Usually I have a low season period from March to July so I ordered the Russian Kettlebell Challenge and began training with dumbbells. At the same time I was trying to figure out how to made kettlebells. With my father who is a lifelong sportsman we found balls made of Styropor. Children in schools use them to make animal figures, to draw the continents, etc. We calculated the diameter they must have to have the right weights (9 years of physics helped!!) and then we put liquid iron in them. The handle was made by heating a bar and bending it. So after 1 month I had six bells in front of me. This was another breakthrough in my training.

I train exclusively outside. The weather is very nice: 90% of blue sky! With the help of the video I corrected my postures, especially in the bent press. So I highly recommend the video if you have no access to instructors. Now I cycle KBs with PTP in a 4 weeks cycle of RKC and 2 weeks of PTP. After 8 months of no rock climbing because of my job, my little daughter, and the lack of climbing partners in this part of the world I finally went to climb again. I was amazed: of course I lacked the endurance, which is specific to rock climbing, but I could climb the same hard routes of the past. Thanks also to the high repetition snatches and C&Js,I was never breathless (the climbing crag is at 12,000 feet). My grip was strong. I went to a mountaineering trip and again: my endurance was excellent, my legs felt very strong under backpacks of 60-70 pounds, and my back was OK.

I usually train between 40 and 50 min 5 days a week. Here is my actual routine.

Monday
Swings (20-40 reps, warm up)
MP (3 sets of 2-4 reps)
BP (3 sets of 2-4 reps)
Pistols (weighted and only bodyweight)
Pullups
C&J (6-8 sets with 1 or 2 KB)
All the above done in circuit with 2 min rest
Evil Wheel (4 sets of 4)

Tuesday
Swings (20-40 reps, warm up)
MP (2-3 sets)
C&J (2 KBs, 10 sets)
Snatches (6-8 sets, 15-20 reps)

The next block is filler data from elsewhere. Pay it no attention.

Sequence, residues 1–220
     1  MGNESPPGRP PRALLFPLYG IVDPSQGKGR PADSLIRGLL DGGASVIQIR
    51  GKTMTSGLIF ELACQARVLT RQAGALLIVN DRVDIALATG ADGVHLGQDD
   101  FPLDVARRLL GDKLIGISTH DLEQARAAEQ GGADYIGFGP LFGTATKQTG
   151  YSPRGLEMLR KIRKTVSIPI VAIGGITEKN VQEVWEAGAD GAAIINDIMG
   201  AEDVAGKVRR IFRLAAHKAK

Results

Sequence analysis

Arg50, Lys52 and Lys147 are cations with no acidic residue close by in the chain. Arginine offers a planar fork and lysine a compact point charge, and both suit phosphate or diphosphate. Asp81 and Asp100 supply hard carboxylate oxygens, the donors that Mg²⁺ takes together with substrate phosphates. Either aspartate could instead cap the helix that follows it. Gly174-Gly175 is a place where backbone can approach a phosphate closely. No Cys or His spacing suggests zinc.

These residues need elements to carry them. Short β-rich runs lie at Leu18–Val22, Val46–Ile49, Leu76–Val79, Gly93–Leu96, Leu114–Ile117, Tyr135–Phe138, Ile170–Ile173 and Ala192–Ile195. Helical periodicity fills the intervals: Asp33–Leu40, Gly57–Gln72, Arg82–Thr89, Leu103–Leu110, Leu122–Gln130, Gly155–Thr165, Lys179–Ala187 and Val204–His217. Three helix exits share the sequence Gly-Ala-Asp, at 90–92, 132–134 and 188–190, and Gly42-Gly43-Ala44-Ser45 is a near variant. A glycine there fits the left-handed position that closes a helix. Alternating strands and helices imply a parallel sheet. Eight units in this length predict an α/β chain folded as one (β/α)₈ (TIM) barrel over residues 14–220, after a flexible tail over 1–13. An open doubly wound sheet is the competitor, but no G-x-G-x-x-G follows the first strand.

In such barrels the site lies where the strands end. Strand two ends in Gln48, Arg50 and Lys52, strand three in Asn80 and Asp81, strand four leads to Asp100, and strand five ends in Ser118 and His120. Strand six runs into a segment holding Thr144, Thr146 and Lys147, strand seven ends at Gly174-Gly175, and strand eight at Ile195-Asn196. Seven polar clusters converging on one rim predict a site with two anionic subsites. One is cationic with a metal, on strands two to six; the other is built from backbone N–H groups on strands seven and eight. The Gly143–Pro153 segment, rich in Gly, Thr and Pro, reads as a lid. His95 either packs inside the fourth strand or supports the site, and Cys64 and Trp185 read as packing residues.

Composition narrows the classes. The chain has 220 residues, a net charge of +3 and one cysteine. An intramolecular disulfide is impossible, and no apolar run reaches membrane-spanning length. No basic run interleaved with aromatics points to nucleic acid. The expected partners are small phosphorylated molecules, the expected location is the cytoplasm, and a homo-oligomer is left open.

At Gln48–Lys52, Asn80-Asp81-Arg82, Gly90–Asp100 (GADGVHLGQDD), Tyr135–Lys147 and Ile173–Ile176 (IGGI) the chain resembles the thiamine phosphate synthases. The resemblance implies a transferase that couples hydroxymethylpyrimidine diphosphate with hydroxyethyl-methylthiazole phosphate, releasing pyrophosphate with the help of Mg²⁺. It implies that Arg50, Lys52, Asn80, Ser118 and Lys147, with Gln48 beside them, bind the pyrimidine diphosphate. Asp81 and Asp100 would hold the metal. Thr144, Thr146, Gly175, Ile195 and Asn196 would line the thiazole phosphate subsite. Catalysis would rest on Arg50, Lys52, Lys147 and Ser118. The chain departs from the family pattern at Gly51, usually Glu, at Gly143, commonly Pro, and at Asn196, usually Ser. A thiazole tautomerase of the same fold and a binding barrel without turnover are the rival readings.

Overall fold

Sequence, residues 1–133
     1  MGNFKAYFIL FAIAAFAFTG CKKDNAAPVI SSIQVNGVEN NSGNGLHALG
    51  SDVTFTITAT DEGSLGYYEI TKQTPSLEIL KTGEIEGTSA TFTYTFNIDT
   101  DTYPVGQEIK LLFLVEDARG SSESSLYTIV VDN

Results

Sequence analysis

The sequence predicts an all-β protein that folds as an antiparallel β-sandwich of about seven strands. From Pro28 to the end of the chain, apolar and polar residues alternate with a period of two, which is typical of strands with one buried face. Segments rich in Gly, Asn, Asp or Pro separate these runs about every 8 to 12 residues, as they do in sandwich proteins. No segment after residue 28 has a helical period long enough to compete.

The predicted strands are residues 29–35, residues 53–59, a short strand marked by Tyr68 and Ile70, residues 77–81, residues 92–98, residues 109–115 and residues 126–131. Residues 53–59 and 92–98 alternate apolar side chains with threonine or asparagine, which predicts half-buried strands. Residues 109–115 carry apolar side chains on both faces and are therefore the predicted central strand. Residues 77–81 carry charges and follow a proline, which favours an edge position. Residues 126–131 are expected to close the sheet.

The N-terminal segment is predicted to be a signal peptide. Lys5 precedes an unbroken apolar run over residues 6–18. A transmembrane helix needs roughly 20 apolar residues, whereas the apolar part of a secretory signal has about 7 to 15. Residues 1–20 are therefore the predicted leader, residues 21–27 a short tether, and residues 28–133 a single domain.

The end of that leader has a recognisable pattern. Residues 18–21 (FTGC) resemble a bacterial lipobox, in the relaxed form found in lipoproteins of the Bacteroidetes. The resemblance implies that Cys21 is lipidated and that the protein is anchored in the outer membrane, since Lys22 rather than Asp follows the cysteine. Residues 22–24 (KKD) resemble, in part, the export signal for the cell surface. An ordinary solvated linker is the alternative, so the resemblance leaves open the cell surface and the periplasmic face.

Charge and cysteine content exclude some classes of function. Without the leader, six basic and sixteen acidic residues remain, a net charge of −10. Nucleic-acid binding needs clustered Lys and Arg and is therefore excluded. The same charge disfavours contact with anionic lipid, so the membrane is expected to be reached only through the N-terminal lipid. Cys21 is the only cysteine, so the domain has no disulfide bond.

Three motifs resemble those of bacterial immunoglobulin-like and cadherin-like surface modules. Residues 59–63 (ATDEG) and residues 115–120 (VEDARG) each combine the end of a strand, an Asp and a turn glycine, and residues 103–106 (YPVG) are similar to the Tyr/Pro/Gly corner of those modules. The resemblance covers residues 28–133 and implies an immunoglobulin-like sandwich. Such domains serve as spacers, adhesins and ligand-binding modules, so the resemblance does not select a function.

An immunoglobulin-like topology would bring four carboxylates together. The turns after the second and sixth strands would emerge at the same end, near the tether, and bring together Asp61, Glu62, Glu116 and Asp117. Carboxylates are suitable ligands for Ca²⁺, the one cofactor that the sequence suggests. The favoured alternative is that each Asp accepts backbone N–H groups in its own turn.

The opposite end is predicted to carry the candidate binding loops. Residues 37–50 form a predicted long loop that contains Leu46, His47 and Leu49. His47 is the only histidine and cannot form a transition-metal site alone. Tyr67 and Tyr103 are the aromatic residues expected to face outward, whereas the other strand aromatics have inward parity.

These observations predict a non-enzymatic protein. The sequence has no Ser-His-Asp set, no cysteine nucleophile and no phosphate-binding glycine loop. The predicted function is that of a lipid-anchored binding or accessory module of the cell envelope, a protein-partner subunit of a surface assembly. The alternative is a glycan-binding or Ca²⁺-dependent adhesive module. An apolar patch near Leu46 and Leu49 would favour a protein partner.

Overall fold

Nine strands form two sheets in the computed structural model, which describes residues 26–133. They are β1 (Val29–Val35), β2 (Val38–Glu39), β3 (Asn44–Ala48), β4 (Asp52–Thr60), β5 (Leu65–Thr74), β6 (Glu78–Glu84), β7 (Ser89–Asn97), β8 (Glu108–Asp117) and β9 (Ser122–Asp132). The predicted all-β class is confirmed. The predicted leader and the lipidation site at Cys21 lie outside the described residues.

Under the leg passes (3 sets of 30)
Evil Wheel (3 sets of 4)

Wednesday
Swings (20-40 reps, warm up)
BP (4 sets 2-4)
OAPU (4 sets of 3 reps)
Pullups (ladder)
Pistols (weighted, 4 sets)
All done in circuit
C&J with a heavy KB (one arm, 3 sets)

Thursday
Rest

Friday
Swings (20-40 reps, warm up)
MP
BP
Pistols
C&J (2 arm, 5-6 sets)
Snatches (3 sets of 15)
Evil Wheel

Saturday
Swings (20 -40 reps, warm up)
C&J
Snatches

Sunday
Rest

All of this is varied from week to week; this is just one example. If I feel tired one day i will cut off the sets or reps. But at the time I had great gains and did not overtrain. After 3-4 weeks I take 4-5 days off. I eat as much as I want and i go to bed very early (9 pm). This is because I live outdoors I have no neighbours and there is no noise, so we are like farmers -we keep with the sun. So rest is fundamental. Very important also is to stay hydrated. I always train with a big water bottle.

I bring the kettlebells along on my trips and with the NW I can keep working out everywhere. Sometimes I camp at 14,000 feet, so working with the bells at altitude is another challenge!

With this article I want to point out that the subject of training is an individual process that has to be walked step by step in total awareness. There are no magical shortcuts. But I assure you with patience and the deep and simple concepts that Pavel gives us you will be able to reach your goals wherever you are!

Power to you!






Kenneth Lein is a recovering physicist, a mountain man, and a partner in Southern Cross Adventure in Chile. Contact him at adventure@scadventure.com.